The wingspan of the largest species of pteranodon (the term employed by working paleontologists as opposed to the culturally popular term "pterodactyl") was up to 30 feet. This wingspan is much larger than that of any modern flying bird.Know More
About.com states that it is unclear when "pterodactyl" became a synonym for pterosaurs in general and for the pterodactylus and pteranodon specifically. Most lay people, along with Hollywood screenwriters, continue to use the term. "Working paleontologists never refer to 'pterodactyls,' instead focusing on individual pterosaur genera," the site states.
Pterodactylus was discovered in 1784. The pteranodon was discovered in the mid-19th century. Later paleontologists counted numerous individual species among each of these genera.Learn more about Dinosaurs
Though there have been a few instances of scientists purporting to have found larger specimens, the longest known dinosaur that is widely accepted by paleontologists seems to be the Diplodocus, a type of sauropod dinosaur with a long neck and long tail that is said to have measured as much as 175 feet in length. There seems to be some controversy and debate around the question of which dinosaur is truly the longest, with scientists introducing competitors such as the Seismosaurus, which was once thought to be a distinct species but was eventually found to be a very large Diplodocus specimen. The Seismosaurus' discovery was announced in 1991, but its existence as a unique species was debunked just over a decade later, a fact that was announced at an academic event in 2004.Full Answer >
While some scientists argue that Deinonychus was a pack-hunting dinosaur, not all paleontologists agree with this assertion, though there is some isolated fossil evidence showing multiple Deinonychus specimens fossilized with a much larger prey dinosaur species. This evidence may establish that there was at least one instance of Deinonychus attacking the same prey, which was arguably too large to be taken down by a single Deinonychus, but that evidence is not sufficient for all experts in the field to agree that this dinosaur was definitely a pack hunter. There is additional evidence to support this idea, including multiple fossil sites suggesting that Deinonychus regularly fed on this larger dinosaur, the Tenontosaurus.Full Answer >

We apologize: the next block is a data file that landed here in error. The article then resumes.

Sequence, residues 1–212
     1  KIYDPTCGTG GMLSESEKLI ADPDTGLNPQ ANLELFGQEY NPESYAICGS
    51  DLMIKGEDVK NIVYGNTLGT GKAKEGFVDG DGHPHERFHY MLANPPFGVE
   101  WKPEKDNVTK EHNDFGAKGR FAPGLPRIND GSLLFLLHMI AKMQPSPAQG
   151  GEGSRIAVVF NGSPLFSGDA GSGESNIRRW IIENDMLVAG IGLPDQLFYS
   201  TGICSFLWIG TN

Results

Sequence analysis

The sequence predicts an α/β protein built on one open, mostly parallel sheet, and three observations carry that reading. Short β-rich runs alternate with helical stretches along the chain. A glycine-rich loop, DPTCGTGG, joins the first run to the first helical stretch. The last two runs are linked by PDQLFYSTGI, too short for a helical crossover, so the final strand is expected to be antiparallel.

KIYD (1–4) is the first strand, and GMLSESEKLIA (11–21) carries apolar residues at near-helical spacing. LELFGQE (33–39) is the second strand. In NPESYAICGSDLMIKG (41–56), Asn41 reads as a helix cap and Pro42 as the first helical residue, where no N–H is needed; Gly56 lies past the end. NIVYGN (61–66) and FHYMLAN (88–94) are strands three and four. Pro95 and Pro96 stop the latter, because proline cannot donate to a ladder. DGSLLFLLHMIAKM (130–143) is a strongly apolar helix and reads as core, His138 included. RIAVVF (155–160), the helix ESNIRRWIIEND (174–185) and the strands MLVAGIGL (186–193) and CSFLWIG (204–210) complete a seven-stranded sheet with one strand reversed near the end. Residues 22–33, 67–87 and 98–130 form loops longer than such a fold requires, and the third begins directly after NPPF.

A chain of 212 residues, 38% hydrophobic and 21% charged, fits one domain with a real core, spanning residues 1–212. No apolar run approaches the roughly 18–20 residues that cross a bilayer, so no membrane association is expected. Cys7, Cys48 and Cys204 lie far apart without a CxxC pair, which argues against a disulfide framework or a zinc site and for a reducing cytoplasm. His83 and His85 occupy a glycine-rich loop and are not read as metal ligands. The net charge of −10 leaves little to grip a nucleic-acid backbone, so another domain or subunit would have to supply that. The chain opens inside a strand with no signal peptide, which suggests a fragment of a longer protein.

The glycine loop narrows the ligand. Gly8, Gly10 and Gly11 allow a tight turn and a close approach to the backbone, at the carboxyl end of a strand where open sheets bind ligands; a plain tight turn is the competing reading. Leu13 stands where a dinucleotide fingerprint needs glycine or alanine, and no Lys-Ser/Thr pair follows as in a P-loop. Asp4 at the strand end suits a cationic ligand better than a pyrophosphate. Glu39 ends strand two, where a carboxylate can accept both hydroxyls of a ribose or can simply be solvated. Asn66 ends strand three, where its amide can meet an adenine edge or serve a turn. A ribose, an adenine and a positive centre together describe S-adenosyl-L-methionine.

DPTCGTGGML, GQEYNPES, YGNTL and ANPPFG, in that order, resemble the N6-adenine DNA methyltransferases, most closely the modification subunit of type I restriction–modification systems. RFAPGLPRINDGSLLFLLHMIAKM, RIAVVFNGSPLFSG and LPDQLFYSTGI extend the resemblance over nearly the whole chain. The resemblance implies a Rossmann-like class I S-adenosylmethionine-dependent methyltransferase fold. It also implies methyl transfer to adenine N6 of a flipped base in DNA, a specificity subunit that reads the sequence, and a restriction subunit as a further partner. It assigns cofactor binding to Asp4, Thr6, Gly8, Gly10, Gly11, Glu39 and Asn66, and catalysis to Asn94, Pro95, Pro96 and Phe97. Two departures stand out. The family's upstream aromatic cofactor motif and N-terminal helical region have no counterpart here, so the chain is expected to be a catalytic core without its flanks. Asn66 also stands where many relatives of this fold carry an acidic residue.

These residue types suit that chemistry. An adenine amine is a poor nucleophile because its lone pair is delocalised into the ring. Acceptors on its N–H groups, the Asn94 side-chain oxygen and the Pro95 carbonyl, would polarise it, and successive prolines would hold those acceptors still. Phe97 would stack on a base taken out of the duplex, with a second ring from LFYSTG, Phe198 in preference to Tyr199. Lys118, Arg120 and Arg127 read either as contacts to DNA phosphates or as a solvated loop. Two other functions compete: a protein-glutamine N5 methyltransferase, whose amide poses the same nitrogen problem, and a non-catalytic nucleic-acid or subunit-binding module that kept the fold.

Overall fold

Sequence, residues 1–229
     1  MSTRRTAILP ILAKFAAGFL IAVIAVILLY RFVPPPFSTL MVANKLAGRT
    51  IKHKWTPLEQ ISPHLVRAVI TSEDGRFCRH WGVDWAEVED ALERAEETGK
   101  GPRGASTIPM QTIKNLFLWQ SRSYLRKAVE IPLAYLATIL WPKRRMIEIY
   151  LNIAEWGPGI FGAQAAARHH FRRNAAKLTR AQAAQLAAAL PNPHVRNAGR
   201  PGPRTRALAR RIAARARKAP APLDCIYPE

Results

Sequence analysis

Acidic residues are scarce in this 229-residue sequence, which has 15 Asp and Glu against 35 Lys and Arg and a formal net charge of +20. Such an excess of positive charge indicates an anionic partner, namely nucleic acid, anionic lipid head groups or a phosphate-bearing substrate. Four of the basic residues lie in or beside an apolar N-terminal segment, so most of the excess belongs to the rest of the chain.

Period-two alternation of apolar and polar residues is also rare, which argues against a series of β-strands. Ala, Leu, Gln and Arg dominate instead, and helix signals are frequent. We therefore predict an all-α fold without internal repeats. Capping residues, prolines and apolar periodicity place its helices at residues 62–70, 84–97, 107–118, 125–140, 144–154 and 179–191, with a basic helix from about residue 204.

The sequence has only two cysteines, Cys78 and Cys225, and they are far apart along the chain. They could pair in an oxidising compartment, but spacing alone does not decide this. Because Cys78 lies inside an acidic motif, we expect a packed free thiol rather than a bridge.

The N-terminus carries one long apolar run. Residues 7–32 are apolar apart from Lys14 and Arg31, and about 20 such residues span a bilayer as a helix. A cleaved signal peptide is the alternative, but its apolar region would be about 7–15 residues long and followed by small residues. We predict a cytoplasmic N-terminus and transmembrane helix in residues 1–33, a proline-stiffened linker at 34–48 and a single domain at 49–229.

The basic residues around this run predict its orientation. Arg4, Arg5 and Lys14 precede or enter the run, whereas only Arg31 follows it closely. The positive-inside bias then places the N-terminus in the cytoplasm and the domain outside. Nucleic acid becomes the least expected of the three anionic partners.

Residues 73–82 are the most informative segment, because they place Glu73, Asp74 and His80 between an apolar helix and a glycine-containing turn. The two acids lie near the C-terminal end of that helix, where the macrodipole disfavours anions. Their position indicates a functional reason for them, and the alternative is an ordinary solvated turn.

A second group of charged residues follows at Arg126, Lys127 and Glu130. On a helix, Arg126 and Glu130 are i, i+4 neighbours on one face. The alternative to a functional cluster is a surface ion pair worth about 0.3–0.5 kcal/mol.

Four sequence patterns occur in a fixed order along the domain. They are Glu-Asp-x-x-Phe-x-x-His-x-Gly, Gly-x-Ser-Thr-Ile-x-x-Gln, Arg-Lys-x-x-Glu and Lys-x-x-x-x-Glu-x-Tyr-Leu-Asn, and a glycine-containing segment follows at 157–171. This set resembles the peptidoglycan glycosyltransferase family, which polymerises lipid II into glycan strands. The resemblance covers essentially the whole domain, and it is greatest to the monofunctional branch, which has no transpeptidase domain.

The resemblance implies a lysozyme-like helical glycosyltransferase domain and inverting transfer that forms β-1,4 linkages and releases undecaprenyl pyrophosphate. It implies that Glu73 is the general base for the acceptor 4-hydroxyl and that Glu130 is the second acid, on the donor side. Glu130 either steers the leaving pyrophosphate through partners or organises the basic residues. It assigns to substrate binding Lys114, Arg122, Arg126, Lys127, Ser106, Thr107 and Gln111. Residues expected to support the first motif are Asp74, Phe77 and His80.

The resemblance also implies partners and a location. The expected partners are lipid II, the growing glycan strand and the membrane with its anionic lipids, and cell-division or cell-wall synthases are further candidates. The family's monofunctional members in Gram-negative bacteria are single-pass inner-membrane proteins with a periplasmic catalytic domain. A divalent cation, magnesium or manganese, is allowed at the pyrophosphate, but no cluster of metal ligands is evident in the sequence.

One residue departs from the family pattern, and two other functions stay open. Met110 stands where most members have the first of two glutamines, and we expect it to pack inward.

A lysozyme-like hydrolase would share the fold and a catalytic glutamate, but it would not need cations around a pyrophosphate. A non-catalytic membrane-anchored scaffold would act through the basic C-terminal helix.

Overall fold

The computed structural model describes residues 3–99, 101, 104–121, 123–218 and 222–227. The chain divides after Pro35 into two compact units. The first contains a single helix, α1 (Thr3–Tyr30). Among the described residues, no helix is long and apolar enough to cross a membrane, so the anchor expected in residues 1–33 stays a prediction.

There seems to be a general lack of consensus among paleontologists as to what purpose the Spinosaurus' sail served; not only is there a lack of certainty as to why the sail existed, there also seems to be some question about whether the dinosaur actually had a sail at all. All questions about the Spinosaurus' anatomy must be answered using fossil evidence, which is limited to fossilized skeletal remains that show a crest of bones protruding upward from the dinosaur's spine. While some scientists feel that these bones provided the structure for a sail-like flap of skin, other argue that this spinal structure actually supported a large hump rather than a distinct sail.Full Answer >
Flying reptiles such as pterosaurs (also known as the pterodactyl) have not lived since the end of the Cretaceous period, around 65 million years ago. Modern humans have existed for approximately 200,000 years, meaning that no examples of human-pterosaur interaction have ever taken place. The thunderbird is a hypothesized cryptid supposedly seen in North America.Full Answer >